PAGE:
The two candidates for Hoboken mayor, Councilman-at-Large Peter Cammarano and 4th Ward Councilwoman Dawn Zimmer, sat down for a question-and-answer forum with the Hudson Reporter editorial board on Thursday. Each candidate got two minutes to answer each of the 10 questions, and was allowed a one-minute rebuttal. There were also some one-minute offbeat questions at the end.
The debate will be available this Tuesday at www.hudsonreporter.com, where some people have already been discussing it in the comments sections of our website and other blogs.
Hiring, firing, and patronage
Both candidates are planning different directions for their first 100 days in office, they said. But both said they will try to rid the city of the state intervention as soon as possible.
Zimmer said she will make a priority of replacing the Corporation Counsel Steven Kleinman, whom she blamed for the $4.2 million blunder regarding an early retirement incentive plan struck down by the state. She said that this goal is in line with the number one thing on her to-do list: creating accountability.
“We have a mayor who does not spend enough time at City Hall.” – Peter Cammarano
He also said the he will reduce legal expenditures and spend more time at the office than the current mayor.
“We have a mayor who does not spend enough time at City Hall,” Cammarano said. He said he will put in a “dedicated hard days work” and he expects the same from his directors.
Cammarano also said the city spends too much money on lawyers, and that it even offended him as a lawyer. He also charged that Zimmer’s first order of business will be to hire a new lawyer, but Zimmer responded that she was simply saying she would replace the current one.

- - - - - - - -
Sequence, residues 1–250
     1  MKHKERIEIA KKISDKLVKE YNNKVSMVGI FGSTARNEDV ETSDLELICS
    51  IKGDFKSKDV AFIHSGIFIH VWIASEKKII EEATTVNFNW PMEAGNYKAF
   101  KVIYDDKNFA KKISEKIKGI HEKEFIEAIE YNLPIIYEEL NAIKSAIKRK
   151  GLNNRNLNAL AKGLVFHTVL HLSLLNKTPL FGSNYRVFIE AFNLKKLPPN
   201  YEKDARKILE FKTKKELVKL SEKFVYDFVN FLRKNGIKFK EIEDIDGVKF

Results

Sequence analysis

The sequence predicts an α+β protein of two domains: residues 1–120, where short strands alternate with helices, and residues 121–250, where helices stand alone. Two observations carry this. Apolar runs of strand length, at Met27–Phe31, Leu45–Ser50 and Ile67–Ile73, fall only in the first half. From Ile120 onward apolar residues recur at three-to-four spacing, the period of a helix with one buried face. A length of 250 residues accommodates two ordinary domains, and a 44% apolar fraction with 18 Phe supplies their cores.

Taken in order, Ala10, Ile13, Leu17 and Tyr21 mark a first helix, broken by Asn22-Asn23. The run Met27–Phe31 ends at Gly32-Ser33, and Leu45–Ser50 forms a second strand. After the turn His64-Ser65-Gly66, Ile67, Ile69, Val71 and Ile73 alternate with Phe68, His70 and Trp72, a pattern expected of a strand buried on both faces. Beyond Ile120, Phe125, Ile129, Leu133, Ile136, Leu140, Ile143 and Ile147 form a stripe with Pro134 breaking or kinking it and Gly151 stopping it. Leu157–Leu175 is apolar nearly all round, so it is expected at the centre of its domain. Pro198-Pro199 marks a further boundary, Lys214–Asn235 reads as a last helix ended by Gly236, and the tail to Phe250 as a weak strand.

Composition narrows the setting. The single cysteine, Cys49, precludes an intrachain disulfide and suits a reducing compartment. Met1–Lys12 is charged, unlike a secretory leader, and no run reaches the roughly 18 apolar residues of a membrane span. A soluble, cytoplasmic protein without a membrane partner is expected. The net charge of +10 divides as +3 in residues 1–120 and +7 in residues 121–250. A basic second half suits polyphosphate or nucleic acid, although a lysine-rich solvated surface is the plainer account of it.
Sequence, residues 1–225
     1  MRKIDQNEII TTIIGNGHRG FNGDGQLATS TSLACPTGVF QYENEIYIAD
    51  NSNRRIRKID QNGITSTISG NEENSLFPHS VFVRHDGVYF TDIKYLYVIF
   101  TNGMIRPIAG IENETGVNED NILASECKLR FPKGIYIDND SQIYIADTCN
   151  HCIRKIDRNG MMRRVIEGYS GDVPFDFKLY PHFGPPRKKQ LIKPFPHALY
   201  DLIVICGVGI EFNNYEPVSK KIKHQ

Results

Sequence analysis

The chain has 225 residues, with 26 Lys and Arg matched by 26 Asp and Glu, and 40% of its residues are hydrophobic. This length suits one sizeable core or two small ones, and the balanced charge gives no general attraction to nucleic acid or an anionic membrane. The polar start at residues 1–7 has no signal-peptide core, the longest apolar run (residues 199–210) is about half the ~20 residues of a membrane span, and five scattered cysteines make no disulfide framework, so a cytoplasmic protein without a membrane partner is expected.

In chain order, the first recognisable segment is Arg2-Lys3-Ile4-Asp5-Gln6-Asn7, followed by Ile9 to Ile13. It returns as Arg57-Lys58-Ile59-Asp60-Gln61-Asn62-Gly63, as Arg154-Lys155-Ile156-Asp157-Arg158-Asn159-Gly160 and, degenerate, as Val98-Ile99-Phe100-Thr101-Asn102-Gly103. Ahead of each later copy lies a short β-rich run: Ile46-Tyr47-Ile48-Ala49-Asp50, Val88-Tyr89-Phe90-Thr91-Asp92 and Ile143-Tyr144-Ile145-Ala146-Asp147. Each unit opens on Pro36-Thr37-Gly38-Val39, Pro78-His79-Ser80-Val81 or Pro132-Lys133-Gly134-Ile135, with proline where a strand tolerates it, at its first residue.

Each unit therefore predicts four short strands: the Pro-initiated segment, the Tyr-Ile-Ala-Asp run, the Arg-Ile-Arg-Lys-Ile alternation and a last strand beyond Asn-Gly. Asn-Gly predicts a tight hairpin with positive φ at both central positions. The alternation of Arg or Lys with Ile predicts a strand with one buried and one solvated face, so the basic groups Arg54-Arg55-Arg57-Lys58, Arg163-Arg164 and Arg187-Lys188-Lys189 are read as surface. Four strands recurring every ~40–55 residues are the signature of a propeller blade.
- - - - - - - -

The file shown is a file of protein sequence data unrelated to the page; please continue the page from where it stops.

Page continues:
When asked whether they would consider outsiders for top positions in the city, Zimmer said she will employ an “open, fair process” and that she will start her search inside Hoboken and expand outward as necessary.
She will also continue encouraging the enforcement of Councilwoman Beth Mason’s ordinance to keep residents aware of various board appointments so that they can apply for the openings.
Cammarano was more forceful, saying he would definitely be willing to search outside of Hoboken to find the most qualified individuals for the job, especially important positions like business administrator – “the most important appointed position” – and corporation counsel.
He said he won’t be repaying people for election favors by offered “low-show or no-show jobs.” He criticized Zimmer’s team for allegedly being part of a county political machine, accusing her advisor Michael Lenz of being the “poster boy for political patronage.”
In response, Zimmer accused Cammarano of being funded by the Hudson County Democratic Organization (HCDO) and said she knows that he has already promised jobs to supporters.
She said Cammarano is getting HCDO support “whether he wants to admit it or not.”
Spending and taxation
Both candidates agreed that collective bargaining negotiations are paramount for fiscal health, and Cammarano said he will be intimately involved in the process. He said he has much experience in those negotiations as a labor attorney.
Zimmer said he should have no problem working with the unions since he took $10,000 in campaign contributions from unions just in the month of March.
Zimmer said she would press the state for their operational audits of the city so she could analyze spending. However, she failed to mention that state monitor Judy Tripodi has said several times that these audits don’t currently exist, as the state never finished them.
Both candidates were asked if incremental tax increases are healthy for a municipality. Experts claim the city’s financial mess was caused by artificially low taxes – budget gaps being plugged with one-time revenues and bills ignored.
Both Zimmer and Cammarano said the massive tax increase could have been avoided with small year-to-year increases over the past few years. But neither candidate committed to making increases in the future, and neither explained how they will avoid a normative increase as the city moves forward.
How to solve parking